By Cydney Posner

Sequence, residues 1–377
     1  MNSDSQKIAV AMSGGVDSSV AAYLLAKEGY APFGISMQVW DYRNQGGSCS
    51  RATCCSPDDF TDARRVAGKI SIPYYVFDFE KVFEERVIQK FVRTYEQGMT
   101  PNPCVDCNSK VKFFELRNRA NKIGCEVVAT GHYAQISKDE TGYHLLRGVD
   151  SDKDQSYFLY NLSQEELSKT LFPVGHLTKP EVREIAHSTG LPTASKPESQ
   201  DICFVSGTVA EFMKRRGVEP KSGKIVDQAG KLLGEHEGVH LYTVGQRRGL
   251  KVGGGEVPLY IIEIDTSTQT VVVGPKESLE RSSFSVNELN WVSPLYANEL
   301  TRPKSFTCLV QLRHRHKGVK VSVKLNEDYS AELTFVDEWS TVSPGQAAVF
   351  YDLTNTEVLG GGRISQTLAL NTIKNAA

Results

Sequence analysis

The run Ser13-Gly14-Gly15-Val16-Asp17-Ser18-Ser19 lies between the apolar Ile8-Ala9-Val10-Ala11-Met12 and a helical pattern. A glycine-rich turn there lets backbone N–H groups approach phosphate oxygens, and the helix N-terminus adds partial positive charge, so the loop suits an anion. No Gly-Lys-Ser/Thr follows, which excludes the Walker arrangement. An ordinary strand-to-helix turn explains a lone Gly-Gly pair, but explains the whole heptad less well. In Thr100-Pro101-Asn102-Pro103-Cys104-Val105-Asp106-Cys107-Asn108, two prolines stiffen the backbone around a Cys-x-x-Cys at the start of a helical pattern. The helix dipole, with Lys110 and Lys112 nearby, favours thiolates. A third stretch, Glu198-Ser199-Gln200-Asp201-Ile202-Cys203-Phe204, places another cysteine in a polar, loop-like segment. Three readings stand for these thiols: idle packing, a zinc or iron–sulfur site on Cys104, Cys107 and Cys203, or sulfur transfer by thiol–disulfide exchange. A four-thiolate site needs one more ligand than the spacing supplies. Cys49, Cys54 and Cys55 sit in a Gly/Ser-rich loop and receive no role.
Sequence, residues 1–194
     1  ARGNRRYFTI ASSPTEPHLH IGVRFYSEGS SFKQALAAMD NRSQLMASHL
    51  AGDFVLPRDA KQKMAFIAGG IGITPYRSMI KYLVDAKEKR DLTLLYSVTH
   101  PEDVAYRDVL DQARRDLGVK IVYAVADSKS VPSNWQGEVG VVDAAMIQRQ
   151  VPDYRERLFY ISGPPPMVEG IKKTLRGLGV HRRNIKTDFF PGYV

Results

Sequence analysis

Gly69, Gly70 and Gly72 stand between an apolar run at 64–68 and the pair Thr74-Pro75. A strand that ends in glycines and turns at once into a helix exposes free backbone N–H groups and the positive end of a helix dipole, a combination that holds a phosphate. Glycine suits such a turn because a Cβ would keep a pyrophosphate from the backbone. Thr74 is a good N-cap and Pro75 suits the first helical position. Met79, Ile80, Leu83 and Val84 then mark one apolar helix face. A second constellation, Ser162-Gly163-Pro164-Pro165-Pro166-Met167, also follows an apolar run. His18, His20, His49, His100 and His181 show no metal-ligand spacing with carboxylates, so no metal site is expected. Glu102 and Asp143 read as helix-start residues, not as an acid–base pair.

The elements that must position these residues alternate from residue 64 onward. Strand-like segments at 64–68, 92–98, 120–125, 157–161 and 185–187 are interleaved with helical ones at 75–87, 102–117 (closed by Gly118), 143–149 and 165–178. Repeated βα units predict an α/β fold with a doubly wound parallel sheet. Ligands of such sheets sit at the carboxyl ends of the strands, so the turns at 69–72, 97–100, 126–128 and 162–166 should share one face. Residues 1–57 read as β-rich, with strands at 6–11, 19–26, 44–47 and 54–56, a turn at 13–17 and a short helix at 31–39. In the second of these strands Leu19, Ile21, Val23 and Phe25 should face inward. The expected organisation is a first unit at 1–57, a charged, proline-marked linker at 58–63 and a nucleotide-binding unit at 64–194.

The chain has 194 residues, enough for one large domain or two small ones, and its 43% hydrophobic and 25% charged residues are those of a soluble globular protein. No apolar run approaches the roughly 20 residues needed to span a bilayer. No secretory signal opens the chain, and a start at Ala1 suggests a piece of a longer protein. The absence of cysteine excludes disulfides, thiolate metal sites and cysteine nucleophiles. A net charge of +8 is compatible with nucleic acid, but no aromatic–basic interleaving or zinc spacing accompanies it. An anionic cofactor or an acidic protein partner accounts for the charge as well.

Following is a link to an amazing investigative piece that appeared in Sunday's New York Times regarding allegations of a major bribery case (FCPA violations) at Wal-Mart's Mexican subsidiary and cover-up at the executive level. It's very detailed and describes how the company, pushing for – and achieving -- market dominance in Mexico, paid bribes and "donations" to facilitate construction permitting, falsifying its financials by recording the bribes as legal fees. According to the story, Wal-Mart management viewed Mexico as "its brightest success story…. Confronted with evidence of corruption in Mexico, top Wal-Mart executives focused more on damage control than on rooting out wrongdoing." The story contends that the executives in charge of this process were lauded and promoted, while the whistle-blowing executive, who implicated himself in the bribery charges in addition to others, was ultimately accused of being the main culprit in the matter (defrauding the company by stealing the funds he said were used as bribes). Confronted with allegations, instead of engaging truly independent investigators to conduct a full-throated investigation, the company engaged outside counsel only to supervise the company's internal investigation group. Senior management had experienced prior instances of the negative effects of self-reporting of corruption, including months of embarrassing publicity. Perhaps as a result, the story suggests, some executives viewed reports by internal investigators as "disruptive and naïve about the moral ambiguities of doing business abroad" and were ultimately dismissive of the internal investigator's advice to conduct a deeper investigation. Instead, senior executives "rebuked internal investigators for being overly aggressive" and revamped the internal investigation process to allow accused executives or their direct reports to be placed in charge of investigations related to their own potential misconduct. Not surprisingly, they were all exonerated. According to the story, Wal-Mart informed the Justice Department of its internal investigation into possible FCPA violations only after learning of the NYT investigation.